Cooking chicken by boiling or poaching is easy and great for making healthy, oil-free, meals. It may sound bland, but this results in deliciously moist meat and a pot of chicken stock. When boiling or poaching chicken, you want to use meat that still has the skin on and the bone in, so you can purchase cheaper cuts of meat and save money while eating healthy. You can boil a whole chicken or pieces of chicken. Shred the cooked meat and use it in salads, sandwiches, wraps, soup or, my favourite, bang bang chicken (recipe here). Another healthy and simple way to cook chicken is by steaming (see recipe here).
Jien duy are deep fried, sesame seed coated, glutinous rice balls with a sweet red bean paste filling. These homemade jien duy are the best that I have ever had and I’ve even tried the jien duy in China. These are crispy on the outside, light and airy on the inside, and they have a perfectly thin layer of sticky and chewy glutinous rice flour. These are best when served warm and the day that they were made. They’re surprisingly easy to make, but getting the oil to the right temperature can be a bit tricky.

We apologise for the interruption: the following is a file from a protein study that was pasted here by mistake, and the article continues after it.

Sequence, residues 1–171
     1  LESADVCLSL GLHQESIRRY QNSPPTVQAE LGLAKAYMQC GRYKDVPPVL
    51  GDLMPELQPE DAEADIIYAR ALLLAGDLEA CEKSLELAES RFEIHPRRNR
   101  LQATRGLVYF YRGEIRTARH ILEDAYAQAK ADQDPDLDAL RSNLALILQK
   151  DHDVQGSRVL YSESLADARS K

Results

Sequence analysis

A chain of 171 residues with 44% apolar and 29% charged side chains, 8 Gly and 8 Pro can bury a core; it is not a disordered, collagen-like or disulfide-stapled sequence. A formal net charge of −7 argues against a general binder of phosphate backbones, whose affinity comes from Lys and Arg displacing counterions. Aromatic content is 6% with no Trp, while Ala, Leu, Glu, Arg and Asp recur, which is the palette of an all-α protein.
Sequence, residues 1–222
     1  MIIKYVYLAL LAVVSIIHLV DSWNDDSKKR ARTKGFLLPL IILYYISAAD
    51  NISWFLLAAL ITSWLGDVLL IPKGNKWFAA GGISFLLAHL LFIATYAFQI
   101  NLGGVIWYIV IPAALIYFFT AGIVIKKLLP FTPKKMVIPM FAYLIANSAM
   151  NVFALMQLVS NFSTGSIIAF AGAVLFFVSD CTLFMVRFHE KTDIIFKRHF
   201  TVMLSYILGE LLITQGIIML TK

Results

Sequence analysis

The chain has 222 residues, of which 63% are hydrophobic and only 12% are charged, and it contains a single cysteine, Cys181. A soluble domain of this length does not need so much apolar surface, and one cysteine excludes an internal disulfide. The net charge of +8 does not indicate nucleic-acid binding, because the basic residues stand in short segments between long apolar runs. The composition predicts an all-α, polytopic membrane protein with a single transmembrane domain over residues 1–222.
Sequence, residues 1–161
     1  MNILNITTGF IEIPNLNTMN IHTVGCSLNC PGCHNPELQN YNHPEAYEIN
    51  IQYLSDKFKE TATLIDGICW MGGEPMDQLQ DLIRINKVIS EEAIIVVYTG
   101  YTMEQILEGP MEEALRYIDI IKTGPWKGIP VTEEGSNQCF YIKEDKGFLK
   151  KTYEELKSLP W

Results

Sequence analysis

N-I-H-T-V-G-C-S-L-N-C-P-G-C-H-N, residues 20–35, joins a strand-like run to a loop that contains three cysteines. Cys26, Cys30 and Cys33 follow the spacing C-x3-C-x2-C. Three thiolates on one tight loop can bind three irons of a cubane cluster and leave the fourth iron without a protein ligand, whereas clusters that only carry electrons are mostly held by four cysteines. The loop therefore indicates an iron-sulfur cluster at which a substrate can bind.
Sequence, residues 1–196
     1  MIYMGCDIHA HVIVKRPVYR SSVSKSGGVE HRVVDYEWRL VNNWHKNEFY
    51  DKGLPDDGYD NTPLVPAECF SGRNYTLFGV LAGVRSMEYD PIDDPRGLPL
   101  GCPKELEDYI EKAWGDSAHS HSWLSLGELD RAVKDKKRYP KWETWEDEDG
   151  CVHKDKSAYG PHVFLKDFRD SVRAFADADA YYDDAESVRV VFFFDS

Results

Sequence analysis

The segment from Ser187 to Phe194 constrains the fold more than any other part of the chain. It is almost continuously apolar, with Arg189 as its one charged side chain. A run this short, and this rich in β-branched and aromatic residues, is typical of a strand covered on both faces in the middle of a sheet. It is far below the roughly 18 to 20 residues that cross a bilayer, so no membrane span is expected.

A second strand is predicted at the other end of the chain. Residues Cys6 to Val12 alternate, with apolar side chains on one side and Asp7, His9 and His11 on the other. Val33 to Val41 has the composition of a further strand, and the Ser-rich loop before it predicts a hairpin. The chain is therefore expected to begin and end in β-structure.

Happy Chinese New Year! “Nian gao” or “leen go” (translation: year cake) is a cake that is traditionally eaten at Chinese New Year. It has a soft, dense, sticky and chewy texture and is not meant to be very sweet. Traditionally, it is vegan and steamed. See the traditional recipe here. However, the non-traditional, non-vegan baked variation tastes even better (in my opinion). This baked version combines a Western cake-like crust with the traditional sticky and chewy middle. Traditional nian gao / leen go is usually made in 9″ or 10″ pie plates, but for the baked version, I prefer to make small individual sized cakes, because the crispy edges are the best part. These make cute gifts for Chinese new year and are great for introducing people to Chinese new year cake, because nian gao could be considered an acquired taste. Baked nian gao tastes best when served hot.
Cooking with Alison was created two years ago, today! A lot has happened in the past two years, including adopting my dog, Blue, and moving back to Toronto, ON (this very weekend actually). To the surprise of everyone (myself included), I’ve maintained the momentum of recipe testing and writing. I’d like to thank everyone for making my efforts worthwhile. (See the one year anniversary stats and shout outs here.) Hopefully I can keep up with the cooking and baking for a third year of Cooking with Alison!